Light up your ride with an LED mohawk

[Garrett Birkel's] weekly ride usually features some pretty wild costumes. He wanted something to step up his own look so he make this LED mohawk bike helmet. He had an LED strip to start with and found a way to use acrylic and clear plastic tubing to fold the lights into the appropriate shape. From there he designed a PCB for some DC-DC converters to provide regulated power. The juice comes from Lithium Iron-Phosphate cells, the same kind we saw in the electric bike assist battery a few days ago. We find it a bit wild that you can pick out the PWM of the LEDs in the lens effect of that photograph.

Comments

  1. Greg says:

    Can someone give a brief, sensical description of PWM. How it works and its application. One paragraph like you are talking to a 2nd grader. :-)
    Thanks.

  2. brofist says:

    I know hackaday is kind of elitist when it comes to arduino, but this is really a pretty great beginner tutorial for PWM.

    http://www.arduino.cc/en/Tutorial/PWM

  3. You can think of PWM as turning a light on and off really fast. If the light is on 50% of the time it appears half as bright. This allows you to control the brightness of an LED by varying the amount of time the LED is on relative to the amount of time it is off.

  4. Pete says:

    Is there any technical information in the link to the project page that makes this the slightest bit worthwhile reading? …nope

  5. bigbob says:

    I’m pretty sure that the effect we’re seeing isn’t the PWM, but the actual animation of the leds…

    Also, for Greg:

    http://en.wikipedia.org/wiki/Pulse-width_modulation

  6. mrgoogfan says:

    That will definitely bring in the chicks…

  7. DeFex says:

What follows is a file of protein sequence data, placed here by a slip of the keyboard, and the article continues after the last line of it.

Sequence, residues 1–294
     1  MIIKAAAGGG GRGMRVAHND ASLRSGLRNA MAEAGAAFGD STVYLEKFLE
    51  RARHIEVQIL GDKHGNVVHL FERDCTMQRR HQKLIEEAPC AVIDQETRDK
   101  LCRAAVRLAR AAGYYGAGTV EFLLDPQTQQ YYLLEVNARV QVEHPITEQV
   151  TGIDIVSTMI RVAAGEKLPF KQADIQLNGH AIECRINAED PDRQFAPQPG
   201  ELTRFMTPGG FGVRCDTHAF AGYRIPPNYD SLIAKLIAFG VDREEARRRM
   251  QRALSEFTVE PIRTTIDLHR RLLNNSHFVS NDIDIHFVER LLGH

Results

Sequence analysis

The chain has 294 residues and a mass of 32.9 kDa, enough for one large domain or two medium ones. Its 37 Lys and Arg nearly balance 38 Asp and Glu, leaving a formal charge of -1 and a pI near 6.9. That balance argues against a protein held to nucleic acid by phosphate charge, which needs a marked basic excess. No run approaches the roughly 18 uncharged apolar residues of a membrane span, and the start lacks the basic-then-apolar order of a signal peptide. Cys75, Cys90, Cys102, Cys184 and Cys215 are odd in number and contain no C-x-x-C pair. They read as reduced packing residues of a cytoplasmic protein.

not being able to cut plexiglass with a table saw?
    it works very well. as long as you dont overheat it.

  8. CapitalC says:

    LMAO @ “Luminous unicorn ejaculation”. Classy, not too tight.

  9. Mikey says:

    @mrgoogfan … the hot nerdy ones anyway, and it’s totally a conversation starter.

  10. Paul Potter says:

    Very unsubtle. I like it. :)

  11. keks² says:

    the effect, why you can see the pulse width modulation of the diodes, is because of the ccd chip in the camera. the ccd shifts out all the pixels line per line to the bottom.
    when there is overexposure, you often see the light casting lines to the bottom.
    now that the light is PWMed you can see the speed of modulation in those lines because of the shifting.

  12. fartface says:

    you can easily cut plexiglass on a tablesaw… you put the blade in backwards.

    I do it all the time.

  13. Cop says:

    IT’S A BOMB!!!

    I wouldn’t wear that where the authorities can see me (also known as in public).

  14. HIrudinea says:

    WTF!? Thats all I have to say wtf!

  15. Haku says:

  16. MysticShadow says:

    two words…………Absolutely GAY!

  17. hapoo says:

    Where can I get that LED strip for a decent price? Every place I’ve found it its been $150+ for 5m.

  18. Preston says:

    hundreds of years of the study of electricity has gone by and we get a light up mohawk that emulates “Unicorn Ejaculate”… Ask yourself if you have faith in humanity now.

  19. Yes, you can cut Lexan with a table saw, but not nearly as fast as with a dremel tool, and you can’t cut a curve or a hole that way worth crap. If you wanna get fancy about it, what you should really do is what I said: Go to a local shop with a CNC laser-cutter.

    Re: IT’S A BOMB!!1!!… It’s worse than you think. The light pattern is controlled by a small RF remote control, with an 8-inch retractable antenna and a few red buttons. When you take it out, it really does look like you’re about to set off a nearby IED.

    Re: “Absolutely GAY”: *** MISSION ACCOMPLISHED ***

    Also, the blurb author and keks^2 are correct – the notches in the vertical streaking are caused by the PWM driving the LEDs. The data in the CMOS inside the digital camera being used to take the movie is read progressively in horizontal strips, but the electrical signal is also transferred off the CMOS itself along a vertical array of wires, and too much charge above or below the region currently being read will cause interference as the desired line is shifted down for reading. It has nothing to do with the optics and everything to do with the sensor.

  20. Also: Pete: You want technical information? I’ll do my best to provide it. What would you like to know?

  21. robomonkey says:

    From Running Man — “Clap if you Love Dynamo!”

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